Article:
How Agencies Can Improve Proactive Disclosure

By Daniel Schuman

Agencies should set up a process to proactively disclose information that is of interest to the public on an ongoing basis. To help prioritize, agencies should look at requests made through the Freedom of Information Act, via other request-based systems (i.e., specialized forms for a particular dataset or document), and information regularly disclosed by public affairs and congressional relations offices.

Categories of information to consider for proactive release include: commercial (business-related), current events (relevant to journalists), ethics (relevant to government watchdogs, such as lobbying, ethics waivers, etc.), agency operations, and datasets (paper versions are disclosed to the public but the underlying dataset must be FOIA’d).

On a regular basis, each agency should review its efforts to evaluate the effect of proactive disclosure and whether additional documents/datasets should be proactively disclosed.

A Few Ideas on Getting Started

1. — Review how the agency already discloses information to the public.

Agency information is made available to the public in many ways. Some examples include:

  • As responses to FOIA requests
  • As responses to specialized request forms
  • Responses to media inquiries (by email, telephonically, and press advisories and releases)
  • As letters or reports to Congress or OMB
  • Information the agency is trying to place with media
  • Information disclosed in reports (already online) that are not in machine-readable formats

There may be others ways as well. Get a sense of how the public is accessing information.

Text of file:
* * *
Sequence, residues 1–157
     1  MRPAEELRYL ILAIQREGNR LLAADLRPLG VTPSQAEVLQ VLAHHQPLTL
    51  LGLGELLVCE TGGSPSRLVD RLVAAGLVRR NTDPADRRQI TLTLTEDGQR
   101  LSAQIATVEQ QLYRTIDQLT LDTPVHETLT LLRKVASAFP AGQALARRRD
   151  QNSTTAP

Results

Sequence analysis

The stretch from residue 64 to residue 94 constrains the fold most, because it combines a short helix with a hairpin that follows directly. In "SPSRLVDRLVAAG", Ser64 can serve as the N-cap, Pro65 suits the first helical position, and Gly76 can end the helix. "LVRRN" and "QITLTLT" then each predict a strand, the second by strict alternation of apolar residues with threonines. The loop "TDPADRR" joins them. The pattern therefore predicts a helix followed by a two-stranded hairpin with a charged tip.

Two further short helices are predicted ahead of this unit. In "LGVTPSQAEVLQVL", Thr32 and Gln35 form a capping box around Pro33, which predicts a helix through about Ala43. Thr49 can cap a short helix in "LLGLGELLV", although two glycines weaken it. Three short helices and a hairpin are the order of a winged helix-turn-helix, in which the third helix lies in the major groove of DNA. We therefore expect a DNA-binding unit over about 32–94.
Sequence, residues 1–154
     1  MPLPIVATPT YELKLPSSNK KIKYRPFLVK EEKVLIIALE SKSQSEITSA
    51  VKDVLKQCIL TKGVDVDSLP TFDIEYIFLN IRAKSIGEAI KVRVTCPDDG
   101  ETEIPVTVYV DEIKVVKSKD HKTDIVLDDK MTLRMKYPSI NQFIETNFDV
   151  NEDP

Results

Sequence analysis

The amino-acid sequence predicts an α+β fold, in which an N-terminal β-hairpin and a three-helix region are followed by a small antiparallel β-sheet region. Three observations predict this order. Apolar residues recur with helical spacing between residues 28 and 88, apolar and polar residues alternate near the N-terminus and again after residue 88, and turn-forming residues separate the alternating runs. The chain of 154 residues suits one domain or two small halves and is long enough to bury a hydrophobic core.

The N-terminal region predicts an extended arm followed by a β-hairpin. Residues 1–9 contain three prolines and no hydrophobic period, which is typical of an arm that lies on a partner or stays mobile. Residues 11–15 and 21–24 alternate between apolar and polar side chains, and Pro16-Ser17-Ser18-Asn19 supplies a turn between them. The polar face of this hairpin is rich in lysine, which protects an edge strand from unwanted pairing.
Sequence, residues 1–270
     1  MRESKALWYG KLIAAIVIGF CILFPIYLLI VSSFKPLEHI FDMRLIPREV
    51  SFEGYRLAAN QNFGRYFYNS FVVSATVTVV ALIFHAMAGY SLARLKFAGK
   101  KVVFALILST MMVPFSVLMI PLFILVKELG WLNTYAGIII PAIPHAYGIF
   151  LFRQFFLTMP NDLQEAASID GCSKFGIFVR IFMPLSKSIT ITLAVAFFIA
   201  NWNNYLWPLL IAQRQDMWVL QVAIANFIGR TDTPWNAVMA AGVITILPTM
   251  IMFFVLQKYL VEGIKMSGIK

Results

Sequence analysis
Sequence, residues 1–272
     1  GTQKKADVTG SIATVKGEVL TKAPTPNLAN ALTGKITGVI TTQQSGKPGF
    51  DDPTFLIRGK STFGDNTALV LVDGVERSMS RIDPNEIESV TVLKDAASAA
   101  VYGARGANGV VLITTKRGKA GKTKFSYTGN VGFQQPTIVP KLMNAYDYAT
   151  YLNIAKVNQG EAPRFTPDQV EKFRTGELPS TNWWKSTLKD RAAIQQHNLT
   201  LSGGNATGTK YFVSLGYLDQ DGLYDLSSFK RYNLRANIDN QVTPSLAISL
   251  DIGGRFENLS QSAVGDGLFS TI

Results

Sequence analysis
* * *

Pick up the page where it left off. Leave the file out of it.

2. — Get an understanding of how each of these information request processes work and obtain a representative sample of the kinds of requests being answered.

FOIA. Obtain the FOIA logs and randomly choose a significant number of requests (say 500 or 1000). Categorize each request based on the likely purpose for which it will be used: commercial, current events, ethics, agency operations, and datasets. Within each category, figure out whether the requests overlap a common dataset or series of documents.

Responses to specialized request forms. Create a list of the specialized information request forms that an agency uses to receive requests from the public. Determine the volume of requests received, on average, each year. For each form, figure out whether the information is pulled from a particular dataset or set of documents.

Responses to media inquiries. Reach out to press office staff to see whether they keep a media log, which tracks who has called and what they’ve called about. If it is exists, review a representative sample (pick a few random days) to see whether there is any commonality to the requests. Identify and list the most frequent requests. If not, look at releases and advisories pushed out by fax or email.

Reports to Congress or OMB. Make a list of all reports to Congress or OMB. Are they already available online, but not in one central place? Are multiple years grouped together? Are they available through FOIA or published through some other means?